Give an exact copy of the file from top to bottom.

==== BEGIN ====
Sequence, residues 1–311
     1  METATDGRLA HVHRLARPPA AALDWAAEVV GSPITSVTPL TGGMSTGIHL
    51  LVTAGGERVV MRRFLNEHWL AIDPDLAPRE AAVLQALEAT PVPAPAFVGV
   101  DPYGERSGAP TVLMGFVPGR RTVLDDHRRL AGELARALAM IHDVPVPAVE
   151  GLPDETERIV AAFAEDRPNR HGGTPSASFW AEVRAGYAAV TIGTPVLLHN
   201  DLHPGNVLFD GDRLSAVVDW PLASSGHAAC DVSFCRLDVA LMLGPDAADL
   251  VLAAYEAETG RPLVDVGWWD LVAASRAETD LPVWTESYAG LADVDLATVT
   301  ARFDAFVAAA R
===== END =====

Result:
Sequence, residues 1–311
     1  METATDGRLA HVHRLARPPA AALDWAAEVV GSPITSVTPL TGGMSTGIHL
    51  LVTAGGERVV MRRFLNEHWL AIDPDLAPRE AAVLQALEAT PVPAPAFVGV
   101  DPYGERSGAP TVLMGFVPGR RTVLDDHRRL AGELARALAM IHDVPVPAVE
   151  GLPDETERIV AAFAEDRPNR HGGTPSASFW AEVRAGYAAV TIGTPVLLHN
   201  DLHPGNVLFD GDRLSAVVDW PLASSGHAAC DVSFCRLDVA LMLGPDAADL
   251  VLAAYEAETG RPLVDVGWWD LVAASRAETD LPVWTESYAG LADVDLATVT
   301  ARFDAFVAAA R